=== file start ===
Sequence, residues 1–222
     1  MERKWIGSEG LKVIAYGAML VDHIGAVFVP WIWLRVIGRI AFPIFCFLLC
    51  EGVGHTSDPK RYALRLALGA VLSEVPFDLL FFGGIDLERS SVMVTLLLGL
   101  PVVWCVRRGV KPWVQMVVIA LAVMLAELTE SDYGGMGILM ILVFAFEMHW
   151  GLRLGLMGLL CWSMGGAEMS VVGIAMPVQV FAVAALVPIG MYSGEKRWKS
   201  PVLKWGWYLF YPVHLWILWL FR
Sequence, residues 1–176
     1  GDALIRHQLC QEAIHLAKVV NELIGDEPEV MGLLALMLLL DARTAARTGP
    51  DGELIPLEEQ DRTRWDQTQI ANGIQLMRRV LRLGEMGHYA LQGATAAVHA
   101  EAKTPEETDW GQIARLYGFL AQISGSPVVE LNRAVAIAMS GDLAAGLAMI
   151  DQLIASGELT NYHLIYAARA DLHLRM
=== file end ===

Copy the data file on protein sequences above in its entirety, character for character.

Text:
Sequence, residues 1–222
     1  MERKWIGSEG LKVIAYGAML VDHIGAVFVP WIWLRVIGRI AFPIFCFLLC
    51  EGVGHTSDPK RYALRLALGA VLSEVPFDLL FFGGIDLERS SVMVTLLLGL
   101  PVVWCVRRGV KPWVQMVVIA LAVMLAELTE SDYGGMGILM ILVFAFEMHW
   151  GLRLGLMGLL CWSMGGAEMS VVGIAMPVQV FAVAALVPIG MYSGEKRWKS
   201  PVLKWGWYLF YPVHLWILWL FR
Sequence, residues 1–176
     1  GDALIRHQLC QEAIHLAKVV NELIGDEPEV MGLLALMLLL DARTAARTGP
    51  DGELIPLEEQ DRTRWDQTQI ANGIQLMRRV LRLGEMGHYA LQGATAAVHA
   101  EAKTPEETDW GQIARLYGFL AQISGSPVVE LNRAVAIAMS GDLAAGLAMI
   151  DQLIASGELT NYHLIYAARA DLHLRM